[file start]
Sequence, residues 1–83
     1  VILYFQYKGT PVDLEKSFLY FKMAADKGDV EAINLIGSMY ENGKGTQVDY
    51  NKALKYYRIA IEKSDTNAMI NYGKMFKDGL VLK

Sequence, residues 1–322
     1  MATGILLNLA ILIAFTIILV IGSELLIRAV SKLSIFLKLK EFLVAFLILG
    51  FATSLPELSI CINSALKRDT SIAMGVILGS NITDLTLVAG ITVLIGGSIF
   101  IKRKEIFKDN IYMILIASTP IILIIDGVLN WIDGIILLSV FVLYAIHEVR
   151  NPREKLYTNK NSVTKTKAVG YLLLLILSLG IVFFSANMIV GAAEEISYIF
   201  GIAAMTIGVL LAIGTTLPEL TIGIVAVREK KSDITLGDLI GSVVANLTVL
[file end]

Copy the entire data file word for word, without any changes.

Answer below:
Sequence, residues 1–83
     1  VILYFQYKGT PVDLEKSFLY FKMAADKGDV EAINLIGSMY ENGKGTQVDY
    51  NKALKYYRIA IEKSDTNAMI NYGKMFKDGL VLK

Sequence, residues 1–322
     1  MATGILLNLA ILIAFTIILV IGSELLIRAV SKLSIFLKLK EFLVAFLILG
    51  FATSLPELSI CINSALKRDT SIAMGVILGS NITDLTLVAG ITVLIGGSIF
   101  IKRKEIFKDN IYMILIASTP IILIIDGVLN WIDGIILLSV FVLYAIHEVR
   151  NPREKLYTNK NSVTKTKAVG YLLLLILSLG IVFFSANMIV GAAEEISYIF
   201  GIAAMTIGVL LAIGTTLPEL TIGIVAVREK KSDITLGDLI GSVVANLTVL